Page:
Stories Build Empathy
Books have always been a fast-track ticket to empathy for me.
There are so many personal experiences I’ll never have, but reading lets me glimpse others’ lives and experiences.
Stories show me reflections of others’ feelings and perceptions and make me more empathetic.
So it should come as no surprise that writing has become another avenue to expand my empathy.
Life as a Teacher and a Parent
When I was a young teacher, I loved my students. I engaged them during read-alouds and history lessons. I encouraged them to try the hard math problems. I followed all the best practices and worked my butt off to make sure they learned something. I was a “good” teacher.
But something changed when my daughter was born.
I didn’t spend hours on lesson plans anymore or pull small groups for individualized instruction as frequently. I wasn’t following all of the best practices that I believed were important for my students’ success because I was trying to be the best mom I could be. And there were only so many hours in a day.
Where before my focus had been on the children in my classroom, now my child became my first priority.
While I wasn’t as “good” of a teacher anymore, I did become a more empathetic teacher.
The first time I got called to the daycare director’s office because my child had bitten another toddler, I understood that parents feel embarrassed and sad and worried when their children misbehave.
It was no longer a big deal when a student couldn’t get their form signed or a parent forgot to send in snacks. A person can only juggle so much in a day.
I felt a parent’s pain when she wanted her child to be included in the other girls’ games. I discovered that homework wasn’t as important as I’d previously thought. And I realized even the most annoying parents were only trying to do their best for their children.
Life as an Editor
In the same way that raising a child made me a more empathetic teacher, writing my own books has made me a more empathetic editor.
I’ve invested a lot of time in becoming a “good” editor.
I read a lot for pleasure but also for professional development.
I study the way novels and movies are put together, which enables me to crack my clients’ stories apart and then put them back together.
I know so many grammar rules that I’m the go-to for friends and family to ask: “Is this right?”
I take my responsibility as an editor seriously, and I’ve always been immensely grateful for the trust my clients have placed in me. A person’s writing is an extension of their hearts, and I know that I need to tread lightly.
Sometimes it’s difficult to balance constructive feedback with encouragement. My clients pay me to be honest with them. They are hardworking authors who want to learn more about their craft. Rather than squash them, I try to encourage them, even when they’ve completely missed the mark. For the most part, I get it right. But, sometimes, feedback still hurts.
Becoming a Writer
Recently, I experienced what it’s like to be on the client’s end of this equation. I’ve workshopped pieces of writing with peers before, but this was the first time I paid a professional to give me honest, constructive feedback that would make my manuscripts better.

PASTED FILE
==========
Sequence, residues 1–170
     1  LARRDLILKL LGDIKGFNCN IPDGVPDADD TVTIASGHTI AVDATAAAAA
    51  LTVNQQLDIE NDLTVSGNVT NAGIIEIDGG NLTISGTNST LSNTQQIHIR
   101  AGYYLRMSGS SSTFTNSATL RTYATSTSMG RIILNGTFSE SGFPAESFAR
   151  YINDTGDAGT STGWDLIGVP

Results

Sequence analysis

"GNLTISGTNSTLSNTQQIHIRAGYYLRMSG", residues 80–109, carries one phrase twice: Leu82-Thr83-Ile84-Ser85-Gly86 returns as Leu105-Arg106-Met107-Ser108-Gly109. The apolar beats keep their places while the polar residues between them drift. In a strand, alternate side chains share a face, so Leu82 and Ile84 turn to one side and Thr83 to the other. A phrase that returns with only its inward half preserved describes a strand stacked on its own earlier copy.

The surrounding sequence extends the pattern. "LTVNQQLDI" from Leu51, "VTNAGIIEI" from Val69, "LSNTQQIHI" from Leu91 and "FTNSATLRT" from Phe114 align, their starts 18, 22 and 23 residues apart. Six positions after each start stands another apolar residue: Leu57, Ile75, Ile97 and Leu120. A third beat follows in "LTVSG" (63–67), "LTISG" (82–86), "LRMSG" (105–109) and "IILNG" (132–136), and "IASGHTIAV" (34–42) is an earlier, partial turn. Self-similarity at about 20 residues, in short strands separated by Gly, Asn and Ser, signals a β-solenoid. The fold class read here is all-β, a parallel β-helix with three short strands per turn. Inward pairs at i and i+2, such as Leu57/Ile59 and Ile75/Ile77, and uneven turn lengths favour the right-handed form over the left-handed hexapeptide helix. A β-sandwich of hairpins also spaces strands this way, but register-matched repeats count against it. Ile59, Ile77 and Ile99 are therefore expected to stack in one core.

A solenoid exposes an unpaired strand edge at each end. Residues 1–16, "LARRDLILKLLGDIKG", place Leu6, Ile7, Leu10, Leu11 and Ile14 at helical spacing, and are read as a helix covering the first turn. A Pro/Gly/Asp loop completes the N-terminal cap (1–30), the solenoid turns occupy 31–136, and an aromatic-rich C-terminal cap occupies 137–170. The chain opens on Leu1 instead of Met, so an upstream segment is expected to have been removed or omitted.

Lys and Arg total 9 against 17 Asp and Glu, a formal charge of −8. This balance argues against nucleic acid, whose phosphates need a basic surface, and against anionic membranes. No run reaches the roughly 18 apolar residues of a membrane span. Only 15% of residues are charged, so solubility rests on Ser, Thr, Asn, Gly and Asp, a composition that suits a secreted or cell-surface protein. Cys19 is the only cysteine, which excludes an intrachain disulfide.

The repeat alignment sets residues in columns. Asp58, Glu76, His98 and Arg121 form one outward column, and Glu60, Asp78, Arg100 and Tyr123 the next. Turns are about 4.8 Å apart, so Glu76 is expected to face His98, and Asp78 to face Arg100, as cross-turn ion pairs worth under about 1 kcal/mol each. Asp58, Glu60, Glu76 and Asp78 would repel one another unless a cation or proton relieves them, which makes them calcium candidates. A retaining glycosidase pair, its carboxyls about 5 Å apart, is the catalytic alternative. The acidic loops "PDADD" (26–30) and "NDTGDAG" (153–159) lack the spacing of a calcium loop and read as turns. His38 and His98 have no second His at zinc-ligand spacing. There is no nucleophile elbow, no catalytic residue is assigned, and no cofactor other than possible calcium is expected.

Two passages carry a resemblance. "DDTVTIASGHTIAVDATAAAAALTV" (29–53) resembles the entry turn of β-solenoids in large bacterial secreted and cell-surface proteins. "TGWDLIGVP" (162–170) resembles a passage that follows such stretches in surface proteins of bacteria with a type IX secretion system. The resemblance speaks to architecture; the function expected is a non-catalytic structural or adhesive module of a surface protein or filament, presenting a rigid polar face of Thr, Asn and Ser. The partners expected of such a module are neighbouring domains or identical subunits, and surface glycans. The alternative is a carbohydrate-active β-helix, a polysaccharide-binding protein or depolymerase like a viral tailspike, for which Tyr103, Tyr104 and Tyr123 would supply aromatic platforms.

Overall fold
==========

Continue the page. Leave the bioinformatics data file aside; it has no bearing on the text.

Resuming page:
The entire process made me nervous, which surprised me. I expected nerves to show up when she returned her edits, but before we had even started working together? The range of feelings I experienced surprised me.
When I answered her initial questions about my manuscript, I worried if I was giving the “right” answers.
When it was time to send her my manuscript, I was literally shaking. Would she like it? Would she think it was garbage? Was she wondering who I thought I was to write this book?
When I received her feedback, I cried. She had so many encouraging and helpful things to say that I felt overwhelmed with gratitude at being seen. And I also felt overwhelmed with how to start making the suggested revisions.
What I know now is that every part of the editing process is fraught with fear. All feedback pricks at the tender spot inside. That spot lies to you. It says, “I’m not good enough to write a book.”
Knowing a kind, compassionate editor is on my side, is thinking about the best way I can connect with my readers, and is willing to help me allows me to tell that voice to shut up.
As I revise my books, I know there are days that I’m more focused on my own writing than my clients’ manuscripts. Writing isn’t necessarily making me a better editor, but it is making me a more empathetic one.
Being an Empathetic Editor
I’m truly grateful for the reminder that even though I’ve worked on hundreds of manuscripts, my clients have often only worked on a few, maybe even just one. So much is unfamiliar and daunting.
I want to be the kind, compassionate editor on the other side, reminding them: “I’ve got you. You can do this. I’m here to help.”
Nicole C. Ayers (WNBA-Charlotte) has been playing with words as long as she can remember. While she’s held many jobs in her life, including stints as a server, camp counselor, telemarketer, print shop lackey, bartender, and teacher, editing at Ayers Edits is her favorite because she combines her love of reading with the fun of wordplay. She can now add writer to this list. Her essay, “Pink Hats,” placed in the Women’s National Book Association Annual Writing Contest in 2017, and she’ll be publishing three companion books: Love Notes to My Body; Love Letters to My Body; and Messages of Love: A Guided Journal in the fall of 2019.
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